Production forecasts are predicting California prunes to have a huge bounce-back year. The National Agricultural Statistics Service (NASS) is predicting California to produce 105 thousand tons of dried plums this season. The forecast production is over double the amount California produced last year.
In 2016, the California Dried Plum Board reported the state produced just 51 thousand tons which was the lowest yield since 2004. The small numbers last season were attributed to bad weather at the worst time. “They had a little bit of, quite literally, a perfect storm,” Cooperative Extension Farm Advisor Dani Lightle told AgNet West last season. “They bloomed right when we had a big storm come through the north part of the state. There was a lot of wind, a lot of rain and the bees had almost no hours to fly, so we had very poor pollination in the prunes.”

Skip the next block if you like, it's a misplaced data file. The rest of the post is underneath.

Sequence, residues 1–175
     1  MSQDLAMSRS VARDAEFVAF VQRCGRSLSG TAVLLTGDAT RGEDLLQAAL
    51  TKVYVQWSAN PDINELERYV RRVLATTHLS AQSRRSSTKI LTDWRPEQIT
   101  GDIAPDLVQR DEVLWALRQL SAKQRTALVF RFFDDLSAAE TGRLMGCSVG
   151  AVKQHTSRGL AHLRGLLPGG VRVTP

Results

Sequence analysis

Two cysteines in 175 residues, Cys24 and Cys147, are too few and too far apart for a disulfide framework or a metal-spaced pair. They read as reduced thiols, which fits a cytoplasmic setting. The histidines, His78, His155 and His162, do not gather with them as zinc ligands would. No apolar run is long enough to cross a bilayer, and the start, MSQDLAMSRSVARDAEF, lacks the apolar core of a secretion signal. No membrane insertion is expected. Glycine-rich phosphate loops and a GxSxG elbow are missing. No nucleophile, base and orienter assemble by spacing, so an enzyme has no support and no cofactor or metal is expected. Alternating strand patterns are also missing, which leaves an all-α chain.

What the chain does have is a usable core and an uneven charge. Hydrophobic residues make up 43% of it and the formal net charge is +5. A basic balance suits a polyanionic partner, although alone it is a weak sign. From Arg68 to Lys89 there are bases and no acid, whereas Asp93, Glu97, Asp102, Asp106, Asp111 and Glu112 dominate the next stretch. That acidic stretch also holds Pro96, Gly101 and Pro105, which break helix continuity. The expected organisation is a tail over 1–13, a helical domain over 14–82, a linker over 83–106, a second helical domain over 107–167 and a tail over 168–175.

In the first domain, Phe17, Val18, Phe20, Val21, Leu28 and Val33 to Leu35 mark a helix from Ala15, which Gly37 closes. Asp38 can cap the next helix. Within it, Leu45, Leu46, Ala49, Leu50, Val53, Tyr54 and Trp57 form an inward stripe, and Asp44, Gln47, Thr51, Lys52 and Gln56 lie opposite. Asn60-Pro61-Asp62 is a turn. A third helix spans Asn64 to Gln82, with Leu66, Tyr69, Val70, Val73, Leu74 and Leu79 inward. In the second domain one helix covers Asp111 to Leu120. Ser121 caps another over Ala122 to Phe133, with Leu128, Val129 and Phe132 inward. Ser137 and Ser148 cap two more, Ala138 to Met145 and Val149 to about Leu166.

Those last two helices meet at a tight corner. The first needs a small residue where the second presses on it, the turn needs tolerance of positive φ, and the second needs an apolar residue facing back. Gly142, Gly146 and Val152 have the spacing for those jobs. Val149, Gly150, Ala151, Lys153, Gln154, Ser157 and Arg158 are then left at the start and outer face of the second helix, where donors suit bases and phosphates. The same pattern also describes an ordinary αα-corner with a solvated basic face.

This year should be a different story despite dropping acreage numbers. The NASS estimates there is only about 44,000 bearing acres this year, a number that has dropped every year from 2004 when it was around 70,000 acres. The NASS questionnaire showed there were beneficial conditions throughout the bloom period and growers are expecting a heavier crop and good fruit size.